Updated on 21. August 2023 by Jan Bunk
Just like you probably analyze how people use your website, you can also view how your app is being used. In this guide we'll take a look at how you can do that with your existing website analytics tool (e.g. Google Analytics). Afterwards, we'll check out some additional statistics about how many people are using your app.
The easiest way to separate website users from app users in your analytics is by filtering the user agents. The user agent is a short string that the browser sends to websites. The user agent contains information about the browser, for example a Firefox browser could send something like this user agent:Mozilla/5.0 (Windows NT 6.1; Win64; x64; rv:47.0) Gecko/20100101 Firefox/47.0
The app uses a few different user agents:
$version is the internal version of the app (e.g. 1.4.8+52) and $operatingSystem is the platform the app is being used on (e.g. ios or android).
$regularUserAgent is the user agent of a mobile browser that would be expected from the device, like Mozilla/5.0 (iPhone; CPU iPhone OS 12_2 like Mac OS X) AppleWebKit/605.1.15 (KHTML, like Gecko) Mobile/15E148
You don't really need to worry about all of this, unless you want to do something special. Otherwise, just follow the next steps to filter by the user agent in your analytics.
As an example, this is how to filter by user agent in Google Analytics:
Click "Explore" in the menu on the left side.
Create a new exploration.
Enter a name for your new exploration, for example "App Users".
Create a new segment.
Select "User segment".
Name the segment.
Add a new "Browser" condition.
Set the filter to "contains" "App-WebView". If you want to filter for just iOS users, you can use "App-WebView (ios)". For Android, you'd use "App-WebView (android)".
The easiest option is using
from the app helper script.
The function returns null if the app is opened in the browser, otherwise the operating system the app is used on. However, as mentioned in its documentation, this only works if you let the app modify user agents.
An option that doesn't rely on user agents is
executeWhenAppReady. The code inside it will only be executed if your website is being viewed inside the app.
If you want to find out how many people have downloaded your app, you can check out the statistics the app stores collect.
You can view statistics about your Android app in the Google Play Console.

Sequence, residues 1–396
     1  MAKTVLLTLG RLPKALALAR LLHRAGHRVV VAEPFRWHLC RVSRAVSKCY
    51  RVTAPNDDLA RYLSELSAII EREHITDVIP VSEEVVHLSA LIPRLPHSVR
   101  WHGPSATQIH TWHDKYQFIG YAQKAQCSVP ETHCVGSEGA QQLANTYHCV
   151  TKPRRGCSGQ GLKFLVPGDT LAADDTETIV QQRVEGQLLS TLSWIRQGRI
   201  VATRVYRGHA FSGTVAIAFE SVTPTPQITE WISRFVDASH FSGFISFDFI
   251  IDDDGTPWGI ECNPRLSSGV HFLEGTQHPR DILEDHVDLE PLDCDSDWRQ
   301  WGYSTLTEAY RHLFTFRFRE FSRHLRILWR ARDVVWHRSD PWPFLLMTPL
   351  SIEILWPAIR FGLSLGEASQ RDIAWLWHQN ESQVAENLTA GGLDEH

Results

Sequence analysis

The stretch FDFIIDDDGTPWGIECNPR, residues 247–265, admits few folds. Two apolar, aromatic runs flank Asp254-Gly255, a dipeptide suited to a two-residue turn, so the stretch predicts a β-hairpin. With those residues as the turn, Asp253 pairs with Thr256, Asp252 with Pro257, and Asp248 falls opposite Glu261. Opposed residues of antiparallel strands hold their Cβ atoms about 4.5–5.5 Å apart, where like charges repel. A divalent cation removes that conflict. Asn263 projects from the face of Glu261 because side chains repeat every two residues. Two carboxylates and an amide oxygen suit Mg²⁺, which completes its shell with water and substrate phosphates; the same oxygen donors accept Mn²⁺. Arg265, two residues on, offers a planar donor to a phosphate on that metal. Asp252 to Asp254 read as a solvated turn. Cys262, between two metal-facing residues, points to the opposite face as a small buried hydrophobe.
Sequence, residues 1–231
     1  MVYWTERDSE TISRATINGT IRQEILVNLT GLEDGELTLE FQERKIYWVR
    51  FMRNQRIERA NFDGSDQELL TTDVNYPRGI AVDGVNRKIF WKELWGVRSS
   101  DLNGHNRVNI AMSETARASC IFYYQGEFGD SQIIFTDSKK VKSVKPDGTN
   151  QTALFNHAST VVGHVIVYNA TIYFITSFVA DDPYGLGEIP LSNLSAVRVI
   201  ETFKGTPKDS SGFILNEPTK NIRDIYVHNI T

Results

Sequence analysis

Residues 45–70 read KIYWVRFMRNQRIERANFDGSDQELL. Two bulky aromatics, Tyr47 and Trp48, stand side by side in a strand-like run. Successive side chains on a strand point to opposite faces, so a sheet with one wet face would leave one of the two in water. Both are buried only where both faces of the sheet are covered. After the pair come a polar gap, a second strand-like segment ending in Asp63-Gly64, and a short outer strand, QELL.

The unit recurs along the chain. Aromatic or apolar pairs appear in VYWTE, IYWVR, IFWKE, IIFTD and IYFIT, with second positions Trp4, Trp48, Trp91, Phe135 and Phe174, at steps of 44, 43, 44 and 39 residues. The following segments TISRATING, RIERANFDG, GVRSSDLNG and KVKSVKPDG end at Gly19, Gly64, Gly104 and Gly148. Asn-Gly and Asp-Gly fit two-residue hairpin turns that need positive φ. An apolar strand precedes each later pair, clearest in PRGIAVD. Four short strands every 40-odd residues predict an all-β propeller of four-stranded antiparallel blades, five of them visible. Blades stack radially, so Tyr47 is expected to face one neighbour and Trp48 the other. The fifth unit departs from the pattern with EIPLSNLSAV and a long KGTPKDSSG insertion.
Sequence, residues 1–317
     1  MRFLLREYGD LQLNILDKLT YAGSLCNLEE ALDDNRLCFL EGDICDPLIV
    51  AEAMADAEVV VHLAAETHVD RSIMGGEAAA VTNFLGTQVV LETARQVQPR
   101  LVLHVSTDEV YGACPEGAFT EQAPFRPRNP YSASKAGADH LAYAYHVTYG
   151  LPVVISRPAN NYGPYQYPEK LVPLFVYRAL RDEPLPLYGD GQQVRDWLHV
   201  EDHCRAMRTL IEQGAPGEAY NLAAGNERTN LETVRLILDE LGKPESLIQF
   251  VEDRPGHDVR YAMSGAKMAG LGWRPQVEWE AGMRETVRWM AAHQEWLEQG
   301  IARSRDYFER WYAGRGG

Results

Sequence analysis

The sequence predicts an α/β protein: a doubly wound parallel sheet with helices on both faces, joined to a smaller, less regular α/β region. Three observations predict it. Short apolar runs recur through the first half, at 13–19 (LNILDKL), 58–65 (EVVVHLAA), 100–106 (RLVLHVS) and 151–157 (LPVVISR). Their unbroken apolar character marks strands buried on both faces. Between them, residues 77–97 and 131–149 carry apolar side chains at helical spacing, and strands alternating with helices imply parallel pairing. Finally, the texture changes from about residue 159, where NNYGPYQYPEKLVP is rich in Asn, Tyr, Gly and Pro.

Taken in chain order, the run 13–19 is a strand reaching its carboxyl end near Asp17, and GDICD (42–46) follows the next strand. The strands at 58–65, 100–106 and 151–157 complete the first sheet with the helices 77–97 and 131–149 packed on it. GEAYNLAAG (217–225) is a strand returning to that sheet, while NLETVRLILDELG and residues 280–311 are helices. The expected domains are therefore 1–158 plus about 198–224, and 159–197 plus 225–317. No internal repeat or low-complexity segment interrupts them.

The first statistic you will see is how many people have installed your app ("Installed audience").
But there's a lot of other statistics you could view, for example monthly active users.
Similarly, you can view statistics about your iOS app on the App Store Connect analytics page.
You can view the most analytics on the metrics page.
Be careful when comparing statistics between the Play Console and App Store Connect, since some metrics could have the same name but still be measured differently. For example App Store Connect might show you the new downloads on a given day, while the Play Console aggregates all downloads, so you see the total number of downloads.
In this article we'll take a look at when you have to submit an update to the app stores, when you can do it optionally and what benefits that has. We'll also talk about the recommended update frequency and how to actually publish an app update.
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How to generate keys & keystores and use them to sign your appbundle. Afterwards verify it and upload it to the Play Console.
Hi, I'm Jan! I created webtoapp.design in 2019 while studying computer science in university. A lot has changed since then - not only have I graduated, but it's also no longer just me running webtoapp.design. We've grown to a global, fully remote team and have gathered lots of experience around app development and app publishing. We've created and published hundreds of apps in the app stores, where they've been downloaded hundreds of thousands of times.